TORONTO -- Brian Burke is known for making bold moves to try and improve his team, but there's some things he simply won't do.
The Toronto Maple Leafs general manager believes he missed out on a chance to land Brad Richards in free agency because of his aversion to front-loaded contracts designed to lower the salary cap hit. It's a tactic several NHL teams have employed -- including the New York Rangers, who landed Richards -- but Burke refuses to follow suit.
"We made a very substantial offer to Brad Richards," Burke said Wednesday during the Leafs' prospect camp. "What we offered I don't think is material. We lost out on the Brad Richards sweepstakes for two reasons -- one, we didn't offer as much money as other teams and more importantly we didn't structure the contract like other teams did.
"These deals that are front-end loaded and have small amounts on the back end in my opinion are designed to circumvent the salary cap. I won't do them, I never have, I'm not going to."
The Leafs are believed to have offered Richards a six-year contract in the neighbourhood of US$42 million.
Instead, the highly coveted centre accepted a nine-year mega-deal from the Rangers that pays him $24 million in the first two seasons and $36 million over the remaining seven. The last three years of the contract come with a salary of just $1 million each.
"Those contracts are accepted by the league on the basis that the player's going to serve the full term," Burke said. "That's the only basis they're accepted by the league. If there's any understanding that the player's not going to serve the full term they wouldn't be accepted by the league. I personally do not believe these players are going to serve the term of their contracts.
"I cannot believe -- and I'm not going to name names -- but I do not believe players are going to play 10 years that have signed or nine years, especially when the compensation for the final three years is $1- or $2-million."
Burke also indicated he was unwilling to extend an offer sheet to restricted free agents Steven Stamkos or Drew Doughty.
Using more traditional methods of acquiring players, the Leafs GM is confident the team has taken a step forward in recent weeks. Toronto signed centre Tim Connolly to a $9.5-million, two-year deal and acquired centre Matthew Lombardi and defenceman Cody Franson from Nashville for Brett Lebda, a prospect and a draft pick.
"For now we're done," said Burke. "We'll see what happens. If we get a chance to upgrade we'll do it."
It's been six seasons -- and seven years -- since the Leafs last appeared in the post-season, giving the organization the NHL's second-longest drought behind Florida. Everyone is under pressure to change that in 2011-12.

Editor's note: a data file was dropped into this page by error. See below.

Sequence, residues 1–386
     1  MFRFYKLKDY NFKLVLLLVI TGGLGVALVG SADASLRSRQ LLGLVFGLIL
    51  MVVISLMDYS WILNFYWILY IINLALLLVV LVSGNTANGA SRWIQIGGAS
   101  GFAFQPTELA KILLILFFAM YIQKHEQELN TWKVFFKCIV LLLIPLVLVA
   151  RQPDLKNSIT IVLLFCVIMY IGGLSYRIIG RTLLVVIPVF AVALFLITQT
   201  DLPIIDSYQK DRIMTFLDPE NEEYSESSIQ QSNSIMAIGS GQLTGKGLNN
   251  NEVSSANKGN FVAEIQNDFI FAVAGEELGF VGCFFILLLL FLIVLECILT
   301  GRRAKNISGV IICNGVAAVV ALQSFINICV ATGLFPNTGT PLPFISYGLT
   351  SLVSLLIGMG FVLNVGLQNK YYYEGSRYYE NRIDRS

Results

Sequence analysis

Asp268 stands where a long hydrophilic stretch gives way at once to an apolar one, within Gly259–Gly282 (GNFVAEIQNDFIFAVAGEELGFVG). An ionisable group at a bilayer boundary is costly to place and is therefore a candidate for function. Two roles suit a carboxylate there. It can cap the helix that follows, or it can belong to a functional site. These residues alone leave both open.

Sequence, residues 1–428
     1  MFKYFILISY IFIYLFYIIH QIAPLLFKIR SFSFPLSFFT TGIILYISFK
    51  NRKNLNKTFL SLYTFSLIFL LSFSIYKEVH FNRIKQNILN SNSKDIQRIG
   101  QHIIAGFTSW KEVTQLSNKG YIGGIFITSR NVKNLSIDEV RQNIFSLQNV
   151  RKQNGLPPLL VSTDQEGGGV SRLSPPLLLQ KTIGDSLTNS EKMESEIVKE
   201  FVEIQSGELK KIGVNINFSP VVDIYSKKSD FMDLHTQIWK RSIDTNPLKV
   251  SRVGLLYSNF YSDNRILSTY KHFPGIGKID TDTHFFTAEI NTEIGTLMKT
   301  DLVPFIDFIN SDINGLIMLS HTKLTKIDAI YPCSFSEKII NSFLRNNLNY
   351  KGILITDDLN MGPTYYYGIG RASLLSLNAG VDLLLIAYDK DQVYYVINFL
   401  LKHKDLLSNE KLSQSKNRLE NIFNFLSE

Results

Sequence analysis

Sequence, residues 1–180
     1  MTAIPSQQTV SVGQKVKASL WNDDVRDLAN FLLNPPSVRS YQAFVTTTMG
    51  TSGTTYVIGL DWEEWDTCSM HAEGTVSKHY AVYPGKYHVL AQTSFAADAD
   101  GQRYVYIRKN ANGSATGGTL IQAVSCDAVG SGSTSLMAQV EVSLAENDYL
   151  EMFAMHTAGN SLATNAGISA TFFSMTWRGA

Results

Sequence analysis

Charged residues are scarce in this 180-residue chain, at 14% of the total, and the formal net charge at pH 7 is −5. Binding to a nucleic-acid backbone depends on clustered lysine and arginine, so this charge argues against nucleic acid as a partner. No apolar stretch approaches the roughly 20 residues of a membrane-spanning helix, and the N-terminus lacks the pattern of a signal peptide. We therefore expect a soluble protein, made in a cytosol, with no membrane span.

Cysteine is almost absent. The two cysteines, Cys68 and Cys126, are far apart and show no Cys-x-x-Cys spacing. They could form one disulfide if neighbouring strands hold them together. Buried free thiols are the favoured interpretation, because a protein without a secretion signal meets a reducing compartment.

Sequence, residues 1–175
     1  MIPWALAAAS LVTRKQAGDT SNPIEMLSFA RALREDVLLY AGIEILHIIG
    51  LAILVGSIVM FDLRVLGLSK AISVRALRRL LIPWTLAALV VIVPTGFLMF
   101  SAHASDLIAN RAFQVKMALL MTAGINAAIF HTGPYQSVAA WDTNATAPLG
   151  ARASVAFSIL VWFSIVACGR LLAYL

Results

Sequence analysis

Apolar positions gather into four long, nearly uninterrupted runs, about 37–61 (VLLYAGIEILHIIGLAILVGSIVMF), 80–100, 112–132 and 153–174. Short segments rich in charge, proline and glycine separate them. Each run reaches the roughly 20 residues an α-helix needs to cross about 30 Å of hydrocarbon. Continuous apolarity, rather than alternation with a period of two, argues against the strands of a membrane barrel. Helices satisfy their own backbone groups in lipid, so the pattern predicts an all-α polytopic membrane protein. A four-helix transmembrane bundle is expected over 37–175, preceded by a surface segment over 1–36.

Burke himself took some criticism from a local columnist after travelling to Afghanistan to visit troops over July 1 rather than staying in Toronto to woo potential free agents like Richards.
Asked if it was possible to find a balance between his job and the many charitable endeavours he's part of, Burke responded: "If I don't I'll get fired. Let me worry about the balance."
The team will enter training camp with James Reimer and Jonas Gustavsson as its top two goaltenders. They have just 102 games of NHL experience combined, but Burke is comfortable with that duo at the outset of an important season for the franchise.
Reimer almost single-handedly helped the Leafs get back in the playoff race last year.
"With James Reimer, the issue has got to be to build on what he started," said Burke. "A lot of goalies come in and have brief spectacular bursts in the NHL that don't sustain that. (Former Capitals goalie) Jim Carey is one, Steve Penny is one with the Montreal Canadiens years ago.
"What I said to James Reimer is Google both of those guys and make sure you're not one of them."
There doesn't appear to be any blockbuster moves on the horizon, especially with Burke unwilling to bend the rules just to make a splash.
Down the road, he figures a number of GMs will look bad when players walk away from their front-loaded contracts once they reach the years with minimal salary. He feels good knowing he won't be one of them.
"I'm going to be very anxious to see the explanations that occur when these players don't serve out those contracts," said Burke. "So that's why I don't do them. I don't believe the players are going to serve the term and if that fact were known, the NHL wouldn't accept them for filing either."